Rogers, 78, noted, "I think I'm singing well; that doesn't bother me, but my mobility is a factor." The bigger factor, he said, is that he has 12-year-old identical twin boys and doesn't want his career to preclude him from seeing them grow up, as was the case with his older children.
First, however, he decided to do one last tour, to at least give himself and his fans a chance to say goodbye. Given that it got under way more than a year ago, he acknowledged there is a growing sense of finality with each successive show.
"It's interesting, because there is. And my boys … they asked me, 'What are you gonna do when you quit singing?' And I said, 'Well, I thought I'd come home and spend all my time with you guys.' And they both put their head down and said, 'Oh my god.' Maybe it wasn't as exciting for them as it was for me!" Rogers joked. "But I'm curious to know what I'm gonna do, 'cause I've done this for 60 years now."
Coming up with adventures for the boys seems a prime candidate. Because the tour started in South Africa, Rogers figured he'd get an early jump on the extra family time and brought them along.
"I took 'em to Africa the first of last year, and that was really something," he recalled. "I gave 'em each a camera and I said, 'When you go out on the safari, take pictures of things that excite you, and when you come back we'll put 'em in a book and show 'em to your friends at school.' And [they] came back and we had about 150 selfies."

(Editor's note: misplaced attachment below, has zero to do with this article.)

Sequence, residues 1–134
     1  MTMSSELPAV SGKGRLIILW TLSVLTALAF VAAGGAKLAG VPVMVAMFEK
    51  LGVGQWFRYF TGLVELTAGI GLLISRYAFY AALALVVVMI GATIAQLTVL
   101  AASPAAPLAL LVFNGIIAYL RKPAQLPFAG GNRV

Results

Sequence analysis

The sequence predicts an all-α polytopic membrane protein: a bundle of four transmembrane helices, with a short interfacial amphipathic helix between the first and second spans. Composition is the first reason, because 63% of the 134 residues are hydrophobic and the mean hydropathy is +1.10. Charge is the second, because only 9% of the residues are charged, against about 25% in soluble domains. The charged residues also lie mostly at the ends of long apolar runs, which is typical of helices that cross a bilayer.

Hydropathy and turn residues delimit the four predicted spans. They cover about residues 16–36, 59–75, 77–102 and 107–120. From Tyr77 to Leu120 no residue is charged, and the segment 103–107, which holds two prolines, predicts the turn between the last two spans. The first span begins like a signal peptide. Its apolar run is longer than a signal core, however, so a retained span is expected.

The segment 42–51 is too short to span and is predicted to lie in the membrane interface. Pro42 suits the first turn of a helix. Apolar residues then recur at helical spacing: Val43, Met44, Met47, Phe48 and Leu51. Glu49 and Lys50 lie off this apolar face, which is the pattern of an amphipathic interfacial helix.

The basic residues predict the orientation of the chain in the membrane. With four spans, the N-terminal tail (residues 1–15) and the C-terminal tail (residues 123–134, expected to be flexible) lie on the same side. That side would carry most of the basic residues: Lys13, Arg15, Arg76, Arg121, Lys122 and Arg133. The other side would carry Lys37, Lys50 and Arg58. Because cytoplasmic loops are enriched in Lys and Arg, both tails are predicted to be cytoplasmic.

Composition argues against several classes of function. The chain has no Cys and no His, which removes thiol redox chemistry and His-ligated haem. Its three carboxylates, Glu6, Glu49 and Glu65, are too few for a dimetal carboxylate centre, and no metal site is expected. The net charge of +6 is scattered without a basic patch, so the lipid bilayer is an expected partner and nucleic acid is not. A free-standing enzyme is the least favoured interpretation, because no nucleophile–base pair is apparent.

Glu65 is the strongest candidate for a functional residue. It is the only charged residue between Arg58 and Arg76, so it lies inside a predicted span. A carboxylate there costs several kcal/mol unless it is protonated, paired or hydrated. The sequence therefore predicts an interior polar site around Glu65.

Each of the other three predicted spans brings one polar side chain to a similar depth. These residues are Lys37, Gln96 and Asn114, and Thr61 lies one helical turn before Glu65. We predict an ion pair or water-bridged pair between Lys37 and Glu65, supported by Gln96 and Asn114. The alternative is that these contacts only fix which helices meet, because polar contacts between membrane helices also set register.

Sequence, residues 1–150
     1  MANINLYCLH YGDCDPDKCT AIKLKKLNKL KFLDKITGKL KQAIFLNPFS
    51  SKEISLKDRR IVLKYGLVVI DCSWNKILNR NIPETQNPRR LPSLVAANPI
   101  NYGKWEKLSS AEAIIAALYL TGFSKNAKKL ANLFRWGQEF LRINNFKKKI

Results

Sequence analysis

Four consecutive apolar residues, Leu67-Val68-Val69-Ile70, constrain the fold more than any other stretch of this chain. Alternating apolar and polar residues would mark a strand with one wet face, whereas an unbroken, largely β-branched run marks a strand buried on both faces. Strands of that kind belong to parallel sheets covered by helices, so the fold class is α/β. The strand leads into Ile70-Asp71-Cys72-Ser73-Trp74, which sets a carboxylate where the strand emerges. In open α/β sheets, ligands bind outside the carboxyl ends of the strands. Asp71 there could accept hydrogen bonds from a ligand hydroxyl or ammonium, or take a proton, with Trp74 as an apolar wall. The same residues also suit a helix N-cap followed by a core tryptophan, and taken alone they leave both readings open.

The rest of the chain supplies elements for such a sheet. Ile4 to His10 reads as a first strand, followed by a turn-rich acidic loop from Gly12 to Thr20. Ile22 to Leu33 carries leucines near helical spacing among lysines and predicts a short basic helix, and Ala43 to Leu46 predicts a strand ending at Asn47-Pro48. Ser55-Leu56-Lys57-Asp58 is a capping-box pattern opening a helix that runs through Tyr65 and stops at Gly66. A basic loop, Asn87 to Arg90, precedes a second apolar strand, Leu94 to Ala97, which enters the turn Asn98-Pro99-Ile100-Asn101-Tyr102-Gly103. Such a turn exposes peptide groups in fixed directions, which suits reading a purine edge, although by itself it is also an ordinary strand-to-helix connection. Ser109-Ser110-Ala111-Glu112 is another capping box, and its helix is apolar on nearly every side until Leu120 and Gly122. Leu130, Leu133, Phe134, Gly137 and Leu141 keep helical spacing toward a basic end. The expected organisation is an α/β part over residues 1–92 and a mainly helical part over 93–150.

Rogers, of course, already has plenty he'll be remembered for.
He has 24 No. 1 hits in his career and a record charting in each of the past seven decades. The three-time Grammy winner and Country Music Hall of Fame inductee has sold more than 120 million albums, making him one of the top 10 best-selling male solo artists of all time, according to the RIAA.
He is known for a laundry list of hits including "The Gambler," "Lucille," "Coward of the County," "Ruby, Don't Take Your Love to Town," "Lady" and "Islands in the Stream," among others.
The secret to his success, he said, was daring to be different with his music.
"If you're smart, you try not to compete. There's only two ways to succeed in this business: One is you can do what everybody else is doing and do it better, and I don't like my chances of doing that; or you can do what nobody's doing and you don't invite comparison," Rogers said. "And that's kind of the way I've approached my career — when uptempo songs were popular, I'd find a great ballad; when ballads were popular, I'd find a different up-song, a story song."
He described Friday's set as "kind of a linear look at my life and my career, musically and personally."
The show should also appeal to a wide range of people, he said, before jokingly walking that claim back a bit.
"I mean, we've had 6-year-olds in there. A lot of these young kids say their parents made 'em listen to my music, and I say, 'Well, you know that's child abuse!' " he joked. "It's really given me a great feeling about what I've been able to do. I've accomplished much more than I ever dreamed of and much more than I probably deserve. But it's been a great life for me, and that's what's probably gonna be hard to give up, is all the people — they come, they make me feel important and they treat me with such respect."
That made it difficult to walk away, he admitted.